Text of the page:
Second Circuit Finds No Successor Liability for ERISA Withdrawal Where Employer Did Not Acquire Unionized Facility or Employees

On January 27, 2022, in New York State Teamsters Conference Pension and Retirement Fund v. C&S Wholesale Grocers, Inc., the Second Circuit joined the Third, Seventh, and Ninth Circuits in applying the doctrine of successor liability to claims for withdrawal liability under the Employee Retirement Income Security Act (ERISA). The court did not, however, find successor liability in this case because the acquiring company specifically did not acquire the facility or employees that triggered the liability. The court also held that C&S Grocers (C&S) was not liable for withdrawal liability under an “evade and avoid” theory, as an “employer,” or under a theory of “common control.”

C&S’s Acquisition of Penn Traffic

Penn Traffic Company (Penn Traffic), based in Syracuse, New York, operated a number of retail grocery stores as well as warehouses where it stored wholesale groceries for distribution. Penn Traffic contributed to the New York State Teamsters Conference Pension and Retirement Fund (the Fund) on behalf of its employees, who were members of Teamsters Local 317 at Penn Traffic’s Syracuse warehouse.

In 2008, C&S, a grocery wholesaler, acquired a number of Penn Traffic’s locations and employees. C&S specifically did not acquire the Syracuse warehouse or Penn Traffic’s Teamsters Local 317 unionized employees due to concerns over the potential for withdrawal liability owed to the Fund. Instead, C&S and Penn Traffic entered into an independent contractor relationship by which Penn Traffic retained responsibility for all employees, facilities, leases, material handling, transportation equipment, and contracts associated with the Syracuse warehouse.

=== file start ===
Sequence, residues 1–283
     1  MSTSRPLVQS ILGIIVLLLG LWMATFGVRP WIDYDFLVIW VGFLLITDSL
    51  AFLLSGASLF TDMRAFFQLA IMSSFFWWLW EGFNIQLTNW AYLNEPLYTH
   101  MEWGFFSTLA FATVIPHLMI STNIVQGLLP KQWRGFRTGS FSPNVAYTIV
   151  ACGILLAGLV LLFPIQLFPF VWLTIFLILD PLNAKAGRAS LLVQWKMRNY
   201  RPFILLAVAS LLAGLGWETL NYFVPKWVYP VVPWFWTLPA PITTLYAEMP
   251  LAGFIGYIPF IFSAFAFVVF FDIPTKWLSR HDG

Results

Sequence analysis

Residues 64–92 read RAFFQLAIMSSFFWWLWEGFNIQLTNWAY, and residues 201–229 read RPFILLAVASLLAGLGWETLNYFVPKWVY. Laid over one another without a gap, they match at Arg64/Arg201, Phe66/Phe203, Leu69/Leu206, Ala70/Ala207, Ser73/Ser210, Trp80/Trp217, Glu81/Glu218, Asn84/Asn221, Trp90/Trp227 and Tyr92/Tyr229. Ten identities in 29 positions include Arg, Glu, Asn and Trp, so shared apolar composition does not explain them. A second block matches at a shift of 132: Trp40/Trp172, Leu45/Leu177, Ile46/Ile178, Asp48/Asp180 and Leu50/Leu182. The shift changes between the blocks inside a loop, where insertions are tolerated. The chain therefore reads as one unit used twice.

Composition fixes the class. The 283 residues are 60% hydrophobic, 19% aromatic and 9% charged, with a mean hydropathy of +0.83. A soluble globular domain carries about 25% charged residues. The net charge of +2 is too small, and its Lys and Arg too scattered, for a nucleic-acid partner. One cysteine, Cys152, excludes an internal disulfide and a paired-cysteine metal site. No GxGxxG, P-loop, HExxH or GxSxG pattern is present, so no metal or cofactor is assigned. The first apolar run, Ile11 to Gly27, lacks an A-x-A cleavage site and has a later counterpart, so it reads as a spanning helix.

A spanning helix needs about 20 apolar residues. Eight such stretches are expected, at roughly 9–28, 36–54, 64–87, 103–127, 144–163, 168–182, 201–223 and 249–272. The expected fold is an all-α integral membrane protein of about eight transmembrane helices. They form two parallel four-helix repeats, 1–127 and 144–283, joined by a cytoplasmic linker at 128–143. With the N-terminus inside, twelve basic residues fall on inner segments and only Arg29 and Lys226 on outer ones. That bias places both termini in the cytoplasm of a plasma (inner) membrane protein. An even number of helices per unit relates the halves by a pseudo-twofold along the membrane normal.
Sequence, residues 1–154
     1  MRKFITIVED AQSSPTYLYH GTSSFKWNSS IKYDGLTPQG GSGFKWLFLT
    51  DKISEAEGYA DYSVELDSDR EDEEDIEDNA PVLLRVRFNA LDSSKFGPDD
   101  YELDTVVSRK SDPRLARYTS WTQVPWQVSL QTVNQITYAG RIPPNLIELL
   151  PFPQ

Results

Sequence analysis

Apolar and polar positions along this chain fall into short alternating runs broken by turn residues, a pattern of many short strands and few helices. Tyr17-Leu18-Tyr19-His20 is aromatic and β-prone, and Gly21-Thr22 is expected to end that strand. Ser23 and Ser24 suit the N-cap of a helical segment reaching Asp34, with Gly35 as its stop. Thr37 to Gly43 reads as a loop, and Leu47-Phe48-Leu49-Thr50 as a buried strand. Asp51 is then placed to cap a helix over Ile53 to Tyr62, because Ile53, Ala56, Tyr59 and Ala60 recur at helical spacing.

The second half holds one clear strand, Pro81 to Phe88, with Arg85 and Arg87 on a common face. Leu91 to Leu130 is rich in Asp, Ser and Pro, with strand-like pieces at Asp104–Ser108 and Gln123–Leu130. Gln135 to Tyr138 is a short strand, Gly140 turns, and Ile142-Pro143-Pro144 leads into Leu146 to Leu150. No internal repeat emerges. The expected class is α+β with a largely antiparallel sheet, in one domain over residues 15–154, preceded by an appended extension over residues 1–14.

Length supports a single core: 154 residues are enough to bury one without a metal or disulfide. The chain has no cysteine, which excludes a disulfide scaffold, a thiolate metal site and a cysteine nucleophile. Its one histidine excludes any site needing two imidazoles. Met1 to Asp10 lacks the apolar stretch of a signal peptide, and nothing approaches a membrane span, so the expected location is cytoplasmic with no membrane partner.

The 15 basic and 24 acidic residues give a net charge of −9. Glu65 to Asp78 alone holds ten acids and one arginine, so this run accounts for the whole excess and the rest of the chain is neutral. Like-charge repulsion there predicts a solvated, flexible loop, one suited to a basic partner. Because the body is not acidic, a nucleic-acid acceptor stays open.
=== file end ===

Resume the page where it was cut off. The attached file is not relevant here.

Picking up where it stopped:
Procedural Background

In 2009, Penn Traffic filed for Chapter 11 bankruptcy. The Syracuse warehouse closed in May 2010, triggering $63.6 million in withdrawal liability owed by Penn Traffic to the Fund. The bankruptcy estate covered only $5 million of this liability, and so the Fund sought to recover the remaining $58 million from C&S under various theories.

Specifically, the Fund alleged that C&S owed withdrawal liability to the Fund as a successor in interest to Penn Traffic, for engaging in a transaction designed to evade or avoid withdrawal liability, as a joint employer of the Teamsters Local 317 employees with Penn Traffic, and because C&S allegedly shared common control over these employees with Penn Traffic. The U.S. District Court for the Northern District of New York dismissed three of the Fund’s theories as a matter of law after a motion to dismiss. But the district court held that a theory of successor liability was available for withdrawal liability under ERISA and allowed that claim to proceed.

The district court ultimately granted summary judgment to C&S on the Fund’s successor liability claim, holding that while the successor liability doctrine applies in the context of ERISA withdrawal liability, the facts in this case could not support a finding that C&S had substantially continued Penn Traffic’s Syracuse warehouse business.

The Second Circuit’s Analysis

On appeal, the Second Circuit reviewed each of the district court’s findings de novo, and in reviewing the “successor liability” claim, construed all facts in favor of the Fund.